There’s always a lot of talk in my field about having a “student-centered classroom” and often discussion about whether we should do so. But, from what I see, this is a non-issue because too often I see attitudes that are barely “student-tolerant,” let alone “student-centered.” There is so often such a lack of respect, at least at the college level, toward students. “They don’t want to do the work,” “They can’t read and write,” “I won’t read their course evaluations as long as I have a Ph.D. and they don’t.” “What they know outside of class is what I’m trying to teach against.” Sigh. No one students come into our courses wary, beaten down, and wondering about the relevance of anything we are trying to teach them. As a writing program administrator, one of my hard and fast rules has been no mocking of students and student writing – even among ourselves. It is, of course, immature, unethical, and disrespectful to do so. It is also exactly what students fear we are doing with their writing. If we don’t take their work seriously, why should they? Do we want our writing mocked by colleagues, editors, reviewers? I can’t enforce this rule, but I do try to make the point that teaching is an art of patience and compassion as much as of the transfer of knowledge.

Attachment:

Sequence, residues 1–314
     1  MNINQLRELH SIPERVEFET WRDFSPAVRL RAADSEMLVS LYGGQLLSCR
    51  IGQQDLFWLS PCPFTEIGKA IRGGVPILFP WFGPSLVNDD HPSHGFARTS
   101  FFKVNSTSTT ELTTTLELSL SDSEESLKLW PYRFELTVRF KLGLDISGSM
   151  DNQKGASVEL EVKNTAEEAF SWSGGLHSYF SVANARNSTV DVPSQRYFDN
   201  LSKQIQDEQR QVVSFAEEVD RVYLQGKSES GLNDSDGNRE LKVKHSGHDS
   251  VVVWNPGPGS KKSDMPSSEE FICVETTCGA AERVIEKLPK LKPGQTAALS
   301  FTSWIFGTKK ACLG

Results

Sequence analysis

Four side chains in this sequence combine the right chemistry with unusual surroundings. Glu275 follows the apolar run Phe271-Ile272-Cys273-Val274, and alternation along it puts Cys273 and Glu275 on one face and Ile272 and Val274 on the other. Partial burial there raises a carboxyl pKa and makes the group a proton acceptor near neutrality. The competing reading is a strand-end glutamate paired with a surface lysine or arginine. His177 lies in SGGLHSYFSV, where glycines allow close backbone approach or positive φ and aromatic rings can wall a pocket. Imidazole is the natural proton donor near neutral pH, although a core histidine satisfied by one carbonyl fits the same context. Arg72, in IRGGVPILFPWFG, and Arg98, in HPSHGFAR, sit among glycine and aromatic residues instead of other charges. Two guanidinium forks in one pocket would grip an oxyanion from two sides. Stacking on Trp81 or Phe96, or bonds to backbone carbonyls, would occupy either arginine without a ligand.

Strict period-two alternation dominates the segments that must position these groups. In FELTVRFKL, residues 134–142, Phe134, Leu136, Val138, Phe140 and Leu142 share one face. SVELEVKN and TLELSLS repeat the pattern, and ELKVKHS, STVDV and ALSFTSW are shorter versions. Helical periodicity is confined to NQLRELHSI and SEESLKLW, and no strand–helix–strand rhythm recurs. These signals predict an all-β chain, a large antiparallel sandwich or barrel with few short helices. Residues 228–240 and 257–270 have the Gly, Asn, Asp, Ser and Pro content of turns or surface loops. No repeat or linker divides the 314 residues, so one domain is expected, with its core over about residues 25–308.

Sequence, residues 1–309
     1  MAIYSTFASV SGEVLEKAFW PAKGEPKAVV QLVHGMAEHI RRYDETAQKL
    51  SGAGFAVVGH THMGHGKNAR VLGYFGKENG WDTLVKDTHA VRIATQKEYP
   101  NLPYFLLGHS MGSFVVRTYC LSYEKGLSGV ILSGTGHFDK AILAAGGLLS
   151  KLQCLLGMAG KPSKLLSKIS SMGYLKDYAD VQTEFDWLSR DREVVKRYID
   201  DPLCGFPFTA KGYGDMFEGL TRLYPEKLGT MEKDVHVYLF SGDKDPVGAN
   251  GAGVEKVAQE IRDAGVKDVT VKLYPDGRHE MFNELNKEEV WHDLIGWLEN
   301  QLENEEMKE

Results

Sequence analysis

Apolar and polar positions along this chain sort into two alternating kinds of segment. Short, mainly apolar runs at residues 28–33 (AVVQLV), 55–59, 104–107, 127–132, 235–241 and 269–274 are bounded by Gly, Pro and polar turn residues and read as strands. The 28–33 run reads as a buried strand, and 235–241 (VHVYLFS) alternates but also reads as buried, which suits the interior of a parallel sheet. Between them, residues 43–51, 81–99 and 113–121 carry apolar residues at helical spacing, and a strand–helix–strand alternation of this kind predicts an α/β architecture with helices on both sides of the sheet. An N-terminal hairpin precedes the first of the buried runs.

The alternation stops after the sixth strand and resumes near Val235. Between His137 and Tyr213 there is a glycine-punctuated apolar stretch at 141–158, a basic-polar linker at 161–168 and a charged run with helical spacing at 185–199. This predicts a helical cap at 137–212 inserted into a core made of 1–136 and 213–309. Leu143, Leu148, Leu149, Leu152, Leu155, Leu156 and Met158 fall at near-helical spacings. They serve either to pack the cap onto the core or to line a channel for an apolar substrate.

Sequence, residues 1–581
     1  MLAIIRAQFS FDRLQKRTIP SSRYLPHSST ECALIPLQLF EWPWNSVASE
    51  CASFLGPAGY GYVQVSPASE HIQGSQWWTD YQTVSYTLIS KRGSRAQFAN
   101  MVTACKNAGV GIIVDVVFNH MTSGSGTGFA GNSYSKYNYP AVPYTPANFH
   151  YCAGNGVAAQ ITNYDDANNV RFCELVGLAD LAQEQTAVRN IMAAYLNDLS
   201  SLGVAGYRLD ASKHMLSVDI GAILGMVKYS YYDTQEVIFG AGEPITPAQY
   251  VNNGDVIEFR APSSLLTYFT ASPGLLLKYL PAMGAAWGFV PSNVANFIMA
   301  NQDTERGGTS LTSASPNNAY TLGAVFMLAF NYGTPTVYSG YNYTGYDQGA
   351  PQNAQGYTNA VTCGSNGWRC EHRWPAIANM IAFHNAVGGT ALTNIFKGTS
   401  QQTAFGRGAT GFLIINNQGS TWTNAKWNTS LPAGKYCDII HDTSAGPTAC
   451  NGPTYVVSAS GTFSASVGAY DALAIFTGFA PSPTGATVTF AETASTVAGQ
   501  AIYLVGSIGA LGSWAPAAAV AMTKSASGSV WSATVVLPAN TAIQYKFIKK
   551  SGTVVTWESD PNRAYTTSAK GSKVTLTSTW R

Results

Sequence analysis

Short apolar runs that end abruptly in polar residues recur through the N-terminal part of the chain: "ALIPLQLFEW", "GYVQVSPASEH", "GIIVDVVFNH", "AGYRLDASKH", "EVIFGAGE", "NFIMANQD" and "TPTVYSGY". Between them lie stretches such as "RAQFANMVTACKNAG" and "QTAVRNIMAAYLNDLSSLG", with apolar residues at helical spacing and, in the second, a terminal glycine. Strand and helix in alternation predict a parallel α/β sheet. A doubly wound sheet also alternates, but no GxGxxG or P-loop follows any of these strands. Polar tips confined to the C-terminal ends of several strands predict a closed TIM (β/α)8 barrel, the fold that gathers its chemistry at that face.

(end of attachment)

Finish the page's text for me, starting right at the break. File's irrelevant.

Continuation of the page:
I’m no saint. I get frustrated with students who are resistant, or seem unwilling to do the work, or dismissive of what I’m trying to teach them. And sometimes I think they are truly resistant and we won’t reach them. But, at the risk of going a bit Yoda on all this, I think underneath so much of what is performed as resistance and boredom is fear and anger – fear of not understanding or of being assessed and found failing once again, and anger at feeling belittled, humiliated, and treated condescendingly. When I find my frustration rising, I try to remind myself that you never, never know when you might get through to the resistant student. One cutting remark now might make me feel better, but loses that student in my class forever. But continued respect may allow that student to receive another comment later in the semester in a way that is productive and, once is a while, transformative. I was often a resistant student as an undergraduate. I can see myself in the student sitting in the back of the classroom, slouched in a chair, daring someone to try to teach him. The teachers I responded to were the ones who communicated respect for student ideas and created meaningful assignments. We could all tell the difference. So much recent research on student writing shows that students respond best – and by best I mean productively able to incorporate instructor comments into their writing – to instructor comments when the comments demonstrate a clear respect for the intelligence and ideas of the student. This doesn’t mean we don’t offer critique and suggestions, but just that we see students as intelligent people with ideas worth communicating, as people who want to be heard and respected.